Tips and Tricks for Dehydrating Your Food

Written by The Ready Store

Dehydrating can be a very fun activity and save you space and money! While dehydrating isn’t an exact science, there are a few tips and tricks that you can use to dehydrate your food in the best way possible.

Take a look at our list and add your tips too! Comment below to tell us your tips and tricks!

General

    1. Dehydrating foods can result in a loss of some nutrients, although the foods will still be nutritious. Vitamin C is most commonly destroyed by heat.
    2. The fiber content of fruits usually remains the same after dehydration. Take this into consideration when choosing what to preserve.
    3. Humid air can slow down the dehydration process.
    4. Dehydrated fruits and vegetables are lower in fat than regular produce. However, their calories are higher per serving because of their density. For example, you would receive the same amount of calories from 1 cup of fresh apples and ½ cup of dehydrated apples.

Preparation

    1. Dehydrated foodWhen dehydrating food, you should always start with fresh, good quality food. Bruised and old foods don’t tend to yield good results.
    2. You can dip your apples in a bath of lemon juice and cold water. This will keep the apples from discoloring when dehydrating. You can also dip fruits in orange or pineapple juice.
    3. Although it’s not necessary every time, blanching or dipping your food before dehydration can prevent against bacteria.
    4. Try and slice all of your foods to the same size. This will help all the food dehydrate at the same rate.
    5. Cook potatoes before dehydrating. If not, they will turn black in the dehydrator. You can also put potatoes in the fridge the night before dehydration to make it easier to peel, cut or shred them.
    6. Steam low-acid foods before you dehydrate them. These include things like beets, corn, peas, beans, broccoli, pumpkins, etc.
    7. You can ask your butcher to slice your beef for dehydration. They will usually cut it to ¼-inch thick.

Dehydrating

    1. Try to dehydrate the food as quickly as possible. The higher the temperature the better. However, if you make the temperature too high, the food will become hard on the outside and soft on the inside. Be aware of the temperature at which you are dehydrating and be sure to follow the manufacturer’s guidelines.
    2. Many fruits and can be pureed or blended beforehand to be made into fruit strips or rolls. Instead of adding sugar to the mix, add honey or corn syrup.

After

    1. Be sure to cool all the food before you store it.Dehydrating The Ready Store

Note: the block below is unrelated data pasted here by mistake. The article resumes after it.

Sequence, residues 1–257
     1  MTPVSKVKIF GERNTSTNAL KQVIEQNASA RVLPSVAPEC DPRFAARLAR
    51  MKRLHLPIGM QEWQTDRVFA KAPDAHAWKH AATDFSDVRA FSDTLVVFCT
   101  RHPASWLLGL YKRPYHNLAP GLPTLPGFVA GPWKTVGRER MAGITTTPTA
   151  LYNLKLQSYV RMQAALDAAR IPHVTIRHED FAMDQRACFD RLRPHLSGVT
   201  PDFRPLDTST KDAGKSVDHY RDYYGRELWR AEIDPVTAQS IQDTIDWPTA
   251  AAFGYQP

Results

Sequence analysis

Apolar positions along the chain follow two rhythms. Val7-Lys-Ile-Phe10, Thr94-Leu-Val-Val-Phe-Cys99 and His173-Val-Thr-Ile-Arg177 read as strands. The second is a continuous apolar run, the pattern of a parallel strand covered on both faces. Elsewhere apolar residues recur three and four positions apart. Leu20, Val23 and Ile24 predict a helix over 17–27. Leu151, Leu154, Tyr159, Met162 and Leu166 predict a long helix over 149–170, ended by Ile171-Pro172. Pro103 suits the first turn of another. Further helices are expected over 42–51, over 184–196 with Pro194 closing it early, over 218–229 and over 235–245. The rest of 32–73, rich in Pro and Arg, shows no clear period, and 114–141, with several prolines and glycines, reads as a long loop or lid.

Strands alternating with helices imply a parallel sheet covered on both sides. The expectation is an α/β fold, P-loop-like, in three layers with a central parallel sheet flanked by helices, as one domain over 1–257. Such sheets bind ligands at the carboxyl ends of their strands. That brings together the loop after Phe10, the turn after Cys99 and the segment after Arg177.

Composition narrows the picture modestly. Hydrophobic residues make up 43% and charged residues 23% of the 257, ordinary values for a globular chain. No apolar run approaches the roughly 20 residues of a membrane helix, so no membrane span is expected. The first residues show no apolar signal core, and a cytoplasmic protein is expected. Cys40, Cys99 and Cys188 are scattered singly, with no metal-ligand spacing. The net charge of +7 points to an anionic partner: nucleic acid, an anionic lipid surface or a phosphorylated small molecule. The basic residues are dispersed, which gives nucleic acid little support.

2. Store the dehydrated food in airtight containers or plastic bags to keep out moisture.
    3. It’s recommended that you freeze your dehydrated meat. Many times, dehydrated meats can still go rancid.

Just for fun

    1. You can dehydrate tomato sauce from a jar! It will look similiar to a fruit roll-up. They can then be easily rehydrated with water! It’s a great way to bring sauces on camping trips without having to pack in heavy, bulky jars!

Summary
We’ve also created this awesome cheat sheet that you can use. You can also print off the PDF and keep it with your dehydrator for reference.

Dehydration Cheat Sheet
Dehydrated Beef Dehydrated Herbs
  • Cut beef to ¼ inch thick.
  • Dehydrate for about 3 hours on highest level
  • Wash and dry before.
  • Leave stems on herbs for easier handling
  • Dehydrate for 2 hours on middle heat
Dehydrated Fruits Dehydrated Vegetables
  • Wash and dry all fruits before
  • Cut to ¼-inch thickness
  • Bananas: Mid-High heat for about 4 hours.
  • Pineapple: Middle heat for about 8 hours.
  • Apples: Mid-High heat for about 4 hours.
  • Apricots: Mid-High heat for about 5 hours.
  • Strawberries: Mid-High heat for about 3 hours.
  • Wash and dry beforehand
  • Asparagus: Middle heat for about 4 ½ hours.
  • Green Beans: Middle heat for about 5 ½ hours.
  • Mushrooms: Dehydrate on power level 2 about 5-1/2 hours.
  • Summer Squash: Cut in 1/4-inch slices. Middle heat for about 5 hours.
  • Tomatoes: Cut in half, remove seeds. Middle heat for about 8 hours.
  • Sweet Peppers: Cut in 1/2-inch strips. Middle heat for about 7 hours.

You can also print this cheatsheet off to keep with your dehydrator. Click here. (PDF)

*Please note that these numbers do not apply to our American Harvest Snackmaster Express. With the Snackmaster, you can dehydrate food faster and easier.

So, what tips and tricks do you have? Comment below!

Updated April 17, 2012

2 Comments

  1. Mona wrote:

    Excalibur is the best dehydrator. The lowest heat possible is the best, doesn’t “cook” the food and retains nutrients. (100* for most things) Slice as thinnly as possible. I run mine overnight. Just did some great mangoes. Vacuum seal or mylar with O2 for long term storage. Make sure moisture is removed so food must be dry! Frozen food can be dehydrated too and is already blanched, so ready to go straight in unless it needs to be cut some, like broccoli or cauliflower.

    April 19th, 2012 at 12:49 am
  2. frank wrote:

    There are many long term storable foods out there, but they are not all created equal.
    What I don’t like about freeze dried foods is that in the process they often add chemicals to speed up the drying.
    That is why I promote dehydrated foods, no added chemicals, dryed at peak nutrition levels and good for 25 years.
    Additionally, unlike an MRE the dehydrated foods are high in fiber so they won’t back you up.

    May 23rd, 2012 at 11:11 pm

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